3:1 Here, Micah points to the sin of those in leadership. Even when the average person of the kingdom strays from practicing truth, it is expected that those in leadership will stand fast and do what is right. Micah says, Now listen, leaders of Jacob, you rulers of the house of Israel. Aren’t you supposed to know what is just? The obvious answer is yes.
3:6-7 The punishment for giving false light is experiencing darkness: It will be night for you—without visions (3:6). So, because these prophets were a discredit to God, God would discredit them and halt their prostitution of the office of prophet. Because they used their gifts (Micah never questions their power, just their motives) for debased purposes, God would debase them by cutting off their ability to communicate with him: There will be no answer (3:7). Those who refuse to speak God’s word will be abandoned by God.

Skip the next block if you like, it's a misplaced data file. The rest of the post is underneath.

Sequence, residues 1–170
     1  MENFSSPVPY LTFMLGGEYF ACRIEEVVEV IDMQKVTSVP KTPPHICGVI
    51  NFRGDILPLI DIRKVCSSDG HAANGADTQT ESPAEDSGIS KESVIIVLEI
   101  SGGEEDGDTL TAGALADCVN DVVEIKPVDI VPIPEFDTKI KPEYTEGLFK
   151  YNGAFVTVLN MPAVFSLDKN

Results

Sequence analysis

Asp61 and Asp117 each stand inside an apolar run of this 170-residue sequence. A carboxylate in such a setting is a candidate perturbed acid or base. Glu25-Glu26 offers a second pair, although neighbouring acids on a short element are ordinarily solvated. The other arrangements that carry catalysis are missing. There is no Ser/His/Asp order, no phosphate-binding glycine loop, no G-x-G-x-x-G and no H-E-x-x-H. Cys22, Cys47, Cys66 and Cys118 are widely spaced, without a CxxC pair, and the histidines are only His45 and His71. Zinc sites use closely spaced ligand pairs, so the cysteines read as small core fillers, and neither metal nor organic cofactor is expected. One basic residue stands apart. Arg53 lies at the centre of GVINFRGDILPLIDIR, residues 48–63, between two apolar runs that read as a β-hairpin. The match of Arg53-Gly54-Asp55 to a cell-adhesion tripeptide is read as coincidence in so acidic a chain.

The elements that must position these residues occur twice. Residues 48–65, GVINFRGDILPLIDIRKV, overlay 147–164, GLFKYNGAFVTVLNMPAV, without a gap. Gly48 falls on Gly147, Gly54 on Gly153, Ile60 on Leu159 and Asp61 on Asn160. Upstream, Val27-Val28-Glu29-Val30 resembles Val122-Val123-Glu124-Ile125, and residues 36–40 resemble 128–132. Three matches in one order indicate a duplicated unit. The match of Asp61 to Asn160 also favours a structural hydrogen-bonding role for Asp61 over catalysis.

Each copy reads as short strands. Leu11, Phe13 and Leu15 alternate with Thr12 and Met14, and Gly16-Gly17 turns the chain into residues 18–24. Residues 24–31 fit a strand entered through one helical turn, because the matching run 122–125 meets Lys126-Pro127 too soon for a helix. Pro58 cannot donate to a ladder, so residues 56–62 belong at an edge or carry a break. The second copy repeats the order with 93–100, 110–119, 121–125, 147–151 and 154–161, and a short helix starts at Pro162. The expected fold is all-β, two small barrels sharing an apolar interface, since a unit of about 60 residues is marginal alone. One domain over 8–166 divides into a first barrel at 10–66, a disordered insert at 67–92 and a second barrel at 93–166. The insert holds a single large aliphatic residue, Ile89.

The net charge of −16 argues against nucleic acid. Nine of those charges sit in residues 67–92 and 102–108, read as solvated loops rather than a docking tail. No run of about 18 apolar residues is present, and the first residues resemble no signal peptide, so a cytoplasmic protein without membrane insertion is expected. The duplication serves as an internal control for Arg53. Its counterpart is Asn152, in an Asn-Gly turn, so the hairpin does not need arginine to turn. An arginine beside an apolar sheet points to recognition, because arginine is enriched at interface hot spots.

3:8 In contrast to these profiteering prophets, Micah asserts the weight of his credentials. He is a genuine prophet of the kingdom. What’s his proof? I am filled with power by the Spirit of the Lord, with justice and courage to proclaim to his Jewish brothers and sisters their rebellion and sin. A kingdom man relies on the Spirit’s power (not his own) and is willing to speak boldly, calling sin what it is. Micah knew that he was called by and accountable to God; therefore, God’s opinion was the only one that mattered.
3:9-12 Micah presses the issue of injustice once more, condemning all three levels of spiritual leadership: leaders . . . priests . . . and prophets. They exercised their roles in exchange for cash (3:11). “The love of money,” the apostle Paul says, “is a root of all kinds of evil” (1 Tim 6:10). The leaders were corrupt, perverting everything that is right (3:9). Nonetheless, they assumed God was on their side and concluded that no disaster would overtake [them] (3:11). They couldn’t be more misguided: Jerusalem would become ruins (3:12).